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Von Kaenel v. Armstrong Teasdale, LLC

United States District Court, E.D. Missouri, Eastern Division

July 30, 2018

JOSEPH S. VON KAENEL, Plaintiff,
v.
ARMSTRONG TEASDALE, LLP, Defendant.

          AMENDED OPINION, MEMORANDUM AND ORDER

          HENRY EDWARD AUTREY UNITED STATES DISTRICT JUDGE.

         This matter is before the Court on Defendant's Motion for Judgment on the Pleadings, [Doc. No. 25]. The matter is filed by Plaintiff under the Age Discrimination in Employment Act (“ADEA”), 29 U.S.C. § 621, et seq. For the reasons set forth below, the Motion is granted.

         Facts and Background

         Plaintiff Joseph von Kaenel (“Plaintiff”) began working as an attorney at Defendant Armstrong Teasdale LLP (“Defendant”) on June 1, 1972. Plaintiff eventually joined Defendant partnership as an equity partner. Plaintiff turned 70 years old in November 2014. Defendant has a policy requiring equity partners to leave the firm at the end of the calendar year in which the partner turns 70 years old. As such, Defendant informed Plaintiff that he would not be allowed to work past December 31, 2014. Plaintiff was entitled to severance benefits after this termination on the condition that he ceased the private practice of law. Plaintiff chose to continue the private practice of law, and Defendant terminated Plaintiff's severance benefits. Plaintiff claims that if Defendant did not have its policy requiring equity partners to retire at 70, he would have retired at 75, stopped practicing law, and received his severance benefits.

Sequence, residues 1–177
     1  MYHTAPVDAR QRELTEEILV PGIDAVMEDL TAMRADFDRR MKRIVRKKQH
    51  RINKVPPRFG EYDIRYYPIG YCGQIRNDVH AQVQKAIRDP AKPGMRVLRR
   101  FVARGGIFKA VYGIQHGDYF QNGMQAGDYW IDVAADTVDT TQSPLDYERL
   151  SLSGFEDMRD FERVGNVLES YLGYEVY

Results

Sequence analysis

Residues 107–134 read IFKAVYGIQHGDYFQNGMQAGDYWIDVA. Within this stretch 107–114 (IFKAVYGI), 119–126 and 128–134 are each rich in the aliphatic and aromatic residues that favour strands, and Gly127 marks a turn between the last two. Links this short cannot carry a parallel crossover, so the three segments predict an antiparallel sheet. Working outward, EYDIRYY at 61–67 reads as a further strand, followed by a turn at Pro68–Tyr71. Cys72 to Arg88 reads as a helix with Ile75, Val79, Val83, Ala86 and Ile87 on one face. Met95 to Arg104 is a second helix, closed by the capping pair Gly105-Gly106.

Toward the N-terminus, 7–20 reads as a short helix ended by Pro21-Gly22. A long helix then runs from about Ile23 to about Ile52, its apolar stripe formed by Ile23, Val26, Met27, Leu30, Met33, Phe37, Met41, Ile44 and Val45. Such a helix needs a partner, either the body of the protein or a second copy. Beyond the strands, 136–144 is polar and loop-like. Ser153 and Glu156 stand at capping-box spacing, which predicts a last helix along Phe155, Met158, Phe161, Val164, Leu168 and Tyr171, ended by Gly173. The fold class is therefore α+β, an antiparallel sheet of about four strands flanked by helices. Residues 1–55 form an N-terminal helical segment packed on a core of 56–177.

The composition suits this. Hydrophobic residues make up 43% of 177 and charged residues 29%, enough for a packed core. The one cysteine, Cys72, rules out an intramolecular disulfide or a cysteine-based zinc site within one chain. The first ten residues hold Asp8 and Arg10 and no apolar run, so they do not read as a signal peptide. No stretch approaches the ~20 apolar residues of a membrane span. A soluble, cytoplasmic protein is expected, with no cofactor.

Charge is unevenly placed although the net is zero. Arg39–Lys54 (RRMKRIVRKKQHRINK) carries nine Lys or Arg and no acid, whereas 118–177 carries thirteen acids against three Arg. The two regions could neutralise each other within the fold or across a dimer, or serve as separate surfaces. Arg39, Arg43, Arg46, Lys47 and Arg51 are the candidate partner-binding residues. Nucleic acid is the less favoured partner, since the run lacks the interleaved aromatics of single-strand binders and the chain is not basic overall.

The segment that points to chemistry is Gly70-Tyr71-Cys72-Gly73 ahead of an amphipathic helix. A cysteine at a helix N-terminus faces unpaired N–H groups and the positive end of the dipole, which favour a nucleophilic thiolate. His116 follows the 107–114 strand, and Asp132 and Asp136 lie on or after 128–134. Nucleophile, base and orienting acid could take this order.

On December 11, 2014, Plaintiff filed a Charge of Discrimination with the Equal Employment Opportunity Commission (the “EEOC”) and the Missouri Commission on Human Rights (the “MCHR”) alleging employment discrimination by Defendant based on Plaintiff's age of 70. On February 17, 2015 MCHR issued a Notice of Termination of Proceedings informing Plaintiff that MCHR lacked jurisdiction over his complaint because he was 70 years old and therefore outside the protected age group under the Missouri Human Rights Act (the “MHRA”).

         On October 13, 2015, Plaintiff filed a Petition for Writ of Mandamus in the Circuit Court for Cole County, Missouri (the “Cole County court”) asking the court to issue a Writ of Mandamus directing the MCHR to either issue a Notice of Right to Sue Letter or reopen and fully investigate Plaintiff's case. The Cole County court held an evidentiary hearing on the Petition, at which the Defendant argued, inter alia, that Plaintiff was not an “employee” protected by the MHRA by virtue of his position as an equity partner of Defendant partnership. At the evidentiary hearing, Plaintiff testified as to his rights and obligations as an equity partner under the partnership agreement. The Cole County court's judgment, issued October 19, 2017, dismissed Plaintiff's Petition and found that “as an equity partner of Armstrong Teasdale LLP, [Plaintiff] is not a covered employee protected by the [MHRA.]” The EEOC issued a Notice of Right to Sue to Plaintiff for his ADEA claim on June 24, 2016. Plaintiff filed his Complaint in the instant action on September 1, 2016.